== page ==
Uncle Tom’s Cabin Historic Site

Uncle Tom’s Cabin is built on the site of the Black settlement that Rev. Josiah Henson helped found in 1841.
The site takes its name from Harriet Beecher Stowe’s successful 1852 anti-slavery novel, Uncle Tom’s Cabin, featuring a character named Tom (loosely based on Josiah Henson).

Josiah Henson was born into slavery; but in 1830, along with his wife and four children, he escaped using the Underground Railroad, eventually crossing the Niagara River into Upper Canada (now Ontario). Henson purchased 200 acres in Dawn Township to build a self-sufficient community for fugitives from slavery.

The site was acquired by the Ontario Heritage Trust in February 2005. Buildings on the Dawn Settlement include the Josiah Henson Interpretive Centre, the Sawmill, the Smokehouse, the Josiah Henson House, and the Pioneer Church.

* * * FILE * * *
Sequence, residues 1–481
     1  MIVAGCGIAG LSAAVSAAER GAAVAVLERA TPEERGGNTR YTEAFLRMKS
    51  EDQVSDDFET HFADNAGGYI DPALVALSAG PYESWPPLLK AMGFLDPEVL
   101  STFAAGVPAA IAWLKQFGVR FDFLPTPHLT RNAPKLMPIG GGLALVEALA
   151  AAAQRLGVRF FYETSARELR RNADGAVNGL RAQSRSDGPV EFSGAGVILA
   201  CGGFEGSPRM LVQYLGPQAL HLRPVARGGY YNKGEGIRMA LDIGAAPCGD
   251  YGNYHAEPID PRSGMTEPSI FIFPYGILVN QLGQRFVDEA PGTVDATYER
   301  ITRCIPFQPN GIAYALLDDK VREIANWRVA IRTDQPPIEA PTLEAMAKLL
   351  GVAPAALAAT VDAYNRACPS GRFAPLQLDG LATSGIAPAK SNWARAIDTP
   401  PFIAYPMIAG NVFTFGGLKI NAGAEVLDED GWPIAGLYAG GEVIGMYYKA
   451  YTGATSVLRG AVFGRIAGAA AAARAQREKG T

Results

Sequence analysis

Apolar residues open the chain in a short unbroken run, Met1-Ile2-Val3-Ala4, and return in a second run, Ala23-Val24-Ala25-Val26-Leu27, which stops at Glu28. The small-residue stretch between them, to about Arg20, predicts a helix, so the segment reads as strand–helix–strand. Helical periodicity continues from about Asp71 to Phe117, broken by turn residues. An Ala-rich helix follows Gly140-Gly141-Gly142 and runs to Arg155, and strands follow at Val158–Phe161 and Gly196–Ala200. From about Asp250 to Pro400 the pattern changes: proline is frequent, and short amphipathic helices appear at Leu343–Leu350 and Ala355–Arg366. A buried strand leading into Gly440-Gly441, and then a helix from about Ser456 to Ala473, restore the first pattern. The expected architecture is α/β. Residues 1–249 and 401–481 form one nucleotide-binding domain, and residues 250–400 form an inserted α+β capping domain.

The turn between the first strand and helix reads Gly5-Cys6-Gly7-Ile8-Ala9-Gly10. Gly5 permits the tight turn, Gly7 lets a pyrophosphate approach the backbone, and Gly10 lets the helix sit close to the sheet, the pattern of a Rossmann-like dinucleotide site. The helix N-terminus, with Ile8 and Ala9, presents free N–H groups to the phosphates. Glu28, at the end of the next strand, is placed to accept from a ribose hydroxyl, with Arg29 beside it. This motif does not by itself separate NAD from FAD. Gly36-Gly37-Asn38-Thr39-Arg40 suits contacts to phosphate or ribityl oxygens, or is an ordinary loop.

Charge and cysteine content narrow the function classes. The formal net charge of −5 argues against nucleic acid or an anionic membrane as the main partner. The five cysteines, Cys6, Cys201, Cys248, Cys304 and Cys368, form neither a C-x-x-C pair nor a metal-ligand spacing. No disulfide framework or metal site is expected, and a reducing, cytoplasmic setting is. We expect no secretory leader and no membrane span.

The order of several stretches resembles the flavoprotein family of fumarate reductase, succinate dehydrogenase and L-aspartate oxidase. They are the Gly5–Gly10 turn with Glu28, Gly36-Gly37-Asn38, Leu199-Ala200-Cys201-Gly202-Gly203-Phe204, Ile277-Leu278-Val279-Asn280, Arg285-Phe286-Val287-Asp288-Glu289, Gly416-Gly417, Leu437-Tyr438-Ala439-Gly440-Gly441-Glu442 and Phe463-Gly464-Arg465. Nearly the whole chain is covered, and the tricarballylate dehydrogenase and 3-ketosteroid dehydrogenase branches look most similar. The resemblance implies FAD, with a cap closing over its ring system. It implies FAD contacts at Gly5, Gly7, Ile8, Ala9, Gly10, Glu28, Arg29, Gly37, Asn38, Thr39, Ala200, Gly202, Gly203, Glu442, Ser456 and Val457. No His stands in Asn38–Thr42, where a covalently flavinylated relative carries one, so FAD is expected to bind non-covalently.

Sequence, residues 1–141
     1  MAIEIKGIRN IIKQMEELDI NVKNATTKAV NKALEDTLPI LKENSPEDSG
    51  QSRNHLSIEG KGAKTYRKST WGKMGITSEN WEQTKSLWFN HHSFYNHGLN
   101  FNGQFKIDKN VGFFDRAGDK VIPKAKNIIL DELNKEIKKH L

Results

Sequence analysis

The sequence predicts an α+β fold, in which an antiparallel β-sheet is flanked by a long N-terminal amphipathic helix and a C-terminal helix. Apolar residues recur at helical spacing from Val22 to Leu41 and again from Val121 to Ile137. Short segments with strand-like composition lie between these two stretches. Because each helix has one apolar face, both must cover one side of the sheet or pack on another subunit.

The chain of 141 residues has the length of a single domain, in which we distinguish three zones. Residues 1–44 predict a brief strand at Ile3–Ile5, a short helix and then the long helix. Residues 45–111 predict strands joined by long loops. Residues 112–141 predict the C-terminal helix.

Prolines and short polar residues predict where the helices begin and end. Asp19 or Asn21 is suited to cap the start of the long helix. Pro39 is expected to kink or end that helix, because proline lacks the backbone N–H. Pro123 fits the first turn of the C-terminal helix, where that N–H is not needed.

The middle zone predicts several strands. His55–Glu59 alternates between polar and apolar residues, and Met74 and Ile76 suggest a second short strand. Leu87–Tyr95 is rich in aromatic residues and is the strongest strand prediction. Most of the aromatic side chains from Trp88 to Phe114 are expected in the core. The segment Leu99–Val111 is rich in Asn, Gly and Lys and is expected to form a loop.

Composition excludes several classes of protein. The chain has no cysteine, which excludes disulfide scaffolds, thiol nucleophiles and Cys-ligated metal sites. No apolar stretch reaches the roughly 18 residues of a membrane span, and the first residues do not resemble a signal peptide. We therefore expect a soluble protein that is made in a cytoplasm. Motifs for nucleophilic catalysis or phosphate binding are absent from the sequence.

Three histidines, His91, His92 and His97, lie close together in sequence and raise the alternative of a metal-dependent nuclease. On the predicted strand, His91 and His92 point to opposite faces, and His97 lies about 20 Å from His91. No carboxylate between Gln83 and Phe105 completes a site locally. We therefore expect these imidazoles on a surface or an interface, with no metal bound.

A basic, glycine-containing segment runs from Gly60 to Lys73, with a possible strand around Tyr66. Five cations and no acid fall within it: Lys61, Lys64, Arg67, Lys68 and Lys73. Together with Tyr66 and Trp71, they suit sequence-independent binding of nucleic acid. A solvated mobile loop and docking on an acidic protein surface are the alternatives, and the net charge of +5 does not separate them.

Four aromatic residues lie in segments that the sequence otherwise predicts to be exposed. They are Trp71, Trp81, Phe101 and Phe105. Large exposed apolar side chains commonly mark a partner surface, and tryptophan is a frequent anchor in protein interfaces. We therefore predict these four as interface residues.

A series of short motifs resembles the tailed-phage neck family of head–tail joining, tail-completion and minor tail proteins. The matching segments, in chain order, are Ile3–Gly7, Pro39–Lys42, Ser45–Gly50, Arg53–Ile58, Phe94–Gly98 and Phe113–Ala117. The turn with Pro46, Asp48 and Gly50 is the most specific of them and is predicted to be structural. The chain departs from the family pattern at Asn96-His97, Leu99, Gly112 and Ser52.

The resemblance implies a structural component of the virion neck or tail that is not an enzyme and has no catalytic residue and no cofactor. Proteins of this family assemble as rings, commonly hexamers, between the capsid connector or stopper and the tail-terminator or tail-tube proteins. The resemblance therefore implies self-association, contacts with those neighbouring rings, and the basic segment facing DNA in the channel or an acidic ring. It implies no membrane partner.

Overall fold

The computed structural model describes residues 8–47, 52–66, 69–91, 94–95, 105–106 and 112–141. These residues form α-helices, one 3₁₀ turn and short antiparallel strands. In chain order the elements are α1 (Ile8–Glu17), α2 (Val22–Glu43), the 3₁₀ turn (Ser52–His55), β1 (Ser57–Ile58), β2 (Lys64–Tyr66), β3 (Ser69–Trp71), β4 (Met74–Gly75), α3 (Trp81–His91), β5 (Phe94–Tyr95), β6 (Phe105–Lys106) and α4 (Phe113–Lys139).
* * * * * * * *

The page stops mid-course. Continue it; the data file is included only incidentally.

The Josiah Henson Interpretive Centre includes a collection of 19th century artifacts and books, and includes a rare early edition of Henson’s autobiography and a signed portrait of Queen Victoria which she presented to him in 1877. The Central Station Gift Shop offers a wide range of unique African and Canadian art and souvenirs as well as an extensive selection of books pertinent to the abolitionist era.


29251 Uncle Tom’s Road
Dresden, ON N0P 1M0

Plan Your Visit

For more information about the Uncle Tom’s Cabin, please visit their website or email utchs@heritagetrust.on.ca

Enjoy FREE admission at this historic place with your National Trust membership. Become a member today!

The Passport Places network is made possible through valued partnerships with Canadian heritage organizations, site operators and owners.

Look for the following logo at participating historic sites.

Partner Organization: Ontario Heritage Trust

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